PI3K Activity Determination
PI3K activity measurement was performed by using the PI3K Activity ELISA (K-1000s Echelon, Italy). The activity assay was performed following the immunoprecipitation of PI3K from cells, as suggested by the manufacturer’s instructions.
Plasma Membrane GLUT1 and GLUT4 Levels Determination
H9c2 plasma membrane-enriched fractions were obtained by subcellular fractionation according to Yu et al. (2000). GLUT1 and GLUT4 levels from these fractions were measured using ELISA assays, according to the manufacturer’s instructions (MBS720405 and MBS451402 My BioSource, United Kingdom).
Adenosine Triphosphate (ATP) Levels Determination
Rat ATP levels as marker of intracellular glucose content (Kuznetsov et al., 2015) were assayed in cell lysates by using Rat ATP Elisa kit (E02A0038BlueGene Biotech, China) according to the manufacturer’s protocol.
The results are presented as mean ± S.E.M. of three independent experiments, performing the triplicate of all the treatments in a single experiment. Statistical significance was determined using ANOVA followed by Bonferroni’s test. A P-value less than 0,05 was considered significant to reject the null hypothesis.
In vivo Proof of Concept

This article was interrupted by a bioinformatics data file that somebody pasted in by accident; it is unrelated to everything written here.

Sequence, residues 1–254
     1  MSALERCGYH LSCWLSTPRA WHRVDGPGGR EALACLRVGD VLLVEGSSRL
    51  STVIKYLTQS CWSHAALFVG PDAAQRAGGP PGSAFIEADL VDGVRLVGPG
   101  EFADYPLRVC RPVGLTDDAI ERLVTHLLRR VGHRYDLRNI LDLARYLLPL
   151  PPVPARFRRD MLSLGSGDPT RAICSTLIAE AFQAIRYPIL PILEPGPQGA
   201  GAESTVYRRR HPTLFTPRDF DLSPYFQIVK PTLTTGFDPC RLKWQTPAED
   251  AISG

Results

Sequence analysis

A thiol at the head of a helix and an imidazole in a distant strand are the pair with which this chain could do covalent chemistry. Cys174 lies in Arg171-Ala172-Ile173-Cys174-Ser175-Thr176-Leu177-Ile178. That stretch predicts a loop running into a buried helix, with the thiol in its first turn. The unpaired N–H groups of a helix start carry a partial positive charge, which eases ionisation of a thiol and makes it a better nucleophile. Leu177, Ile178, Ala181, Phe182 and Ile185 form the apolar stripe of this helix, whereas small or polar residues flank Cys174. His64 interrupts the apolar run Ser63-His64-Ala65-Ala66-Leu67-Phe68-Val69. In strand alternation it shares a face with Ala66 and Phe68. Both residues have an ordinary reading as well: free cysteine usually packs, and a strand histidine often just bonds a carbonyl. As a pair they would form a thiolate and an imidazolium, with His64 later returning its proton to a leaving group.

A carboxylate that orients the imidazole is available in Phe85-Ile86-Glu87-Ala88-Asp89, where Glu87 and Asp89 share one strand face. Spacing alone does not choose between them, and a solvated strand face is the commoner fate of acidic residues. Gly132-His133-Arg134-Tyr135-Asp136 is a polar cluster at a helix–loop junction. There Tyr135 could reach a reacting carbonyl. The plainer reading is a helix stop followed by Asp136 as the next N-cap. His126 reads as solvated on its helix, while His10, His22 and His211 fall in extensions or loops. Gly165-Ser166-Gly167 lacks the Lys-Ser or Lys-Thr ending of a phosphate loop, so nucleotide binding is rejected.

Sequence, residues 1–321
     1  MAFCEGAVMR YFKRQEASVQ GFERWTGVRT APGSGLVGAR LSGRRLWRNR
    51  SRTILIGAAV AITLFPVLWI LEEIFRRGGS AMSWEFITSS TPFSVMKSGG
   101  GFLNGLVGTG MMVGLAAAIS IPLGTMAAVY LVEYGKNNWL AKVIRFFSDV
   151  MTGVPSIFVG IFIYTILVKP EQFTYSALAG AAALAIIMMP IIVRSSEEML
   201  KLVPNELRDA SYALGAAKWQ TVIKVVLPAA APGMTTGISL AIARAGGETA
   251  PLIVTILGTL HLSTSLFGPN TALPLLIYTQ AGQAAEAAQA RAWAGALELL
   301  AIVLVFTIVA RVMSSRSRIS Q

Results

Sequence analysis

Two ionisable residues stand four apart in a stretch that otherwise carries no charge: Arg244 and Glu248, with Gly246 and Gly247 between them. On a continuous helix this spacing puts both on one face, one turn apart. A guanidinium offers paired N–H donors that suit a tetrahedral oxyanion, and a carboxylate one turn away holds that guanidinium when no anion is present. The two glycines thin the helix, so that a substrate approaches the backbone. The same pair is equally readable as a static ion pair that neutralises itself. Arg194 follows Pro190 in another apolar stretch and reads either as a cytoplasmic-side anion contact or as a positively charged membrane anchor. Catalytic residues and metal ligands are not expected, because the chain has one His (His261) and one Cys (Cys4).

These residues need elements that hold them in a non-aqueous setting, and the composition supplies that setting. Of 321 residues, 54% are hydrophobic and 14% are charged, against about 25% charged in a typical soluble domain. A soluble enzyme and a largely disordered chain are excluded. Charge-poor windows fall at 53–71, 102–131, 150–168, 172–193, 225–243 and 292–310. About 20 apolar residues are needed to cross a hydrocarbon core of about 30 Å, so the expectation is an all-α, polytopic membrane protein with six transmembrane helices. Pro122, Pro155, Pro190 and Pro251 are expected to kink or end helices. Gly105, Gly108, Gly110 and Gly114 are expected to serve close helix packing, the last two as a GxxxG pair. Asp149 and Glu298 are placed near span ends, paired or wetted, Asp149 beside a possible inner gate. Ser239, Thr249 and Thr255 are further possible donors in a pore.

To confirm the role of MC5R agonism in modulating cardiac hypertrophy induced by high-glucose exposure, we translated the in vitro experiments in a setting of in vivo ones, by investigating the effects of α-MSH and PG-901 in diabetic Sprague-Dawley rats. Male Sprague-Dawley rats (8 weeks of age), housed in a 12-h light/dark cycle animal room and fed with a standard chow diet and tap water ad libitum, were randomly divided into the following four groups (n = 5 for each group): (i) non-diabetic rats (CTRL); (ii) STZ-diabetic rats (STZ); (iii) STZ treated with α-MSH (STZ + α-MSH); and (iv) STZ treated with PG-901 (STZ + PG-901). Diabetes was induced in animals by a single intraperitoneal injection of 70 mg/kg STZ in 10 mM citrate buffer (pH 4.5; Sigma Chemical Co., United States) and 15 h later, human regular insulin (1.5 ± 0.5 units/day) was administered intraperitoneally yielding blood glucose levels of ∼22 mmol/l for 8 days (Di Filippo et al., 2005). Blood glucose greater than 300 mg/dL were verified 1 week after the STZ injection (Glucometer Elite XL; Bayer Co., Elkhart, IN, United States), in order to confirm diabetes development (Di Filippo et al., 2016). Then, diabetic rats received weekly intraperitoneal injections of 500 μg/kg α-MSH (Forslin Aronsson et al., 2007) (M4135 Sigma, Italy) or 50 – 500 – 5000 μg/kg PG-901. Animals were treated for 3 weeks after diabetes confirmation, and blood glucose levels were checked intermittently throughout the study to confirm diabetes maintenance. After the 3-week treatments, transthoracic echocardiography (Visualsonics Vevo 2100, Canada) was performed according to Di Filippo et al. (2014), using a 10–14 MHz linear transducer to obtain the images for the measurement of morphometric parameters, based on the average of three consecutive cardiac cycles for each rat. This study was carried out in accordance with to the guidelines of the Ethic Committee for animal experiments at the University of the Studies of Campania “Luigi Vanvitelli.”